‘This is the land you have been seeking,
This is India rising before you;
Unless you desire yet more of the world,
Your long task is accomplished.’
Rejoicing to see he knew the country,
Da Gama contained himself no longer
But knelt on deck, arms raised towards the sky,
And gave his heartfelt thanks to God on high.
Luis Vaz De Camoes was said to be the “first European artist” to cross the equator. His epic poem, The Lusiads, published in 1572, describes Vasco da Gama’s voyage from Portugal in 1498, to discover a sea route to India and seize control of vital maritime trading routes from Arab traders. Da Gama’s discoveries heralded, for better or worse, the start of the great age of global discovery and trade in spices that would make Europe rich beyond measure.
If philosophers of old, who visited
So many lands to study their secrets,
Had witnessed the marvels I witnessed,
Spreading my sail to such different winds,
What great writings they would have left us!
What revelations about the heavens,
What marvellous testimonies to Nature’s youth!
And all without hyperbole. Plain truth!
From a culinary perspective, these events had a profound impact. Driven by the search for pepper, cloves, cinnamon, cardamom and nutmeg, the Portuguese in turn brought to India new ingredients from the Americas including chillies, tomatoes, potatoes and cashews. They introduced techniques to make vinegar, bread, cheese and sweets. Indian food would never be the same.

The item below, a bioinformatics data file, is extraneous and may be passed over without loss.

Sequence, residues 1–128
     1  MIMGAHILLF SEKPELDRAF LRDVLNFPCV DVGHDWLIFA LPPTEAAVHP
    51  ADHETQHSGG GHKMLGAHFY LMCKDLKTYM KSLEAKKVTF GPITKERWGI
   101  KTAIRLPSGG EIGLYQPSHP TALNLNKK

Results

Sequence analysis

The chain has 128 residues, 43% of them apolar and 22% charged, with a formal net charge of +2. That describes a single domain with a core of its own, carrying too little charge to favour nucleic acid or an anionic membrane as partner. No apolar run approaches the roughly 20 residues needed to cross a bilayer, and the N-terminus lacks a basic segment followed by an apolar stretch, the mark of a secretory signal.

Join us at the Bombay Cook Club: Book Club to share a Portuguese influenced meal inspired by The Lusiads, and talk about the significant impact that European trade had on India and its cuisine.
We’ll show you how to make a traditional vindaloo masala spice mix, and cook a lamb vindaloo, pickle fowl, spiced potatoes and rice, which we will serve with crusty bread. And given that the Portuguese were famous for their desserts, we’ll be making you a traditional Goan Bebinca, or layered custard pudding.
“On the sea, such storms and perils
That death, many times, seemed imminent;
On the land, such battle and intrigue
Such dire, inevitable hardships!
Where may frail humanity shelter
Briefly, in some secure port,
Where the bright heavens cease to vent their rage
On such insects on so small a stage?”
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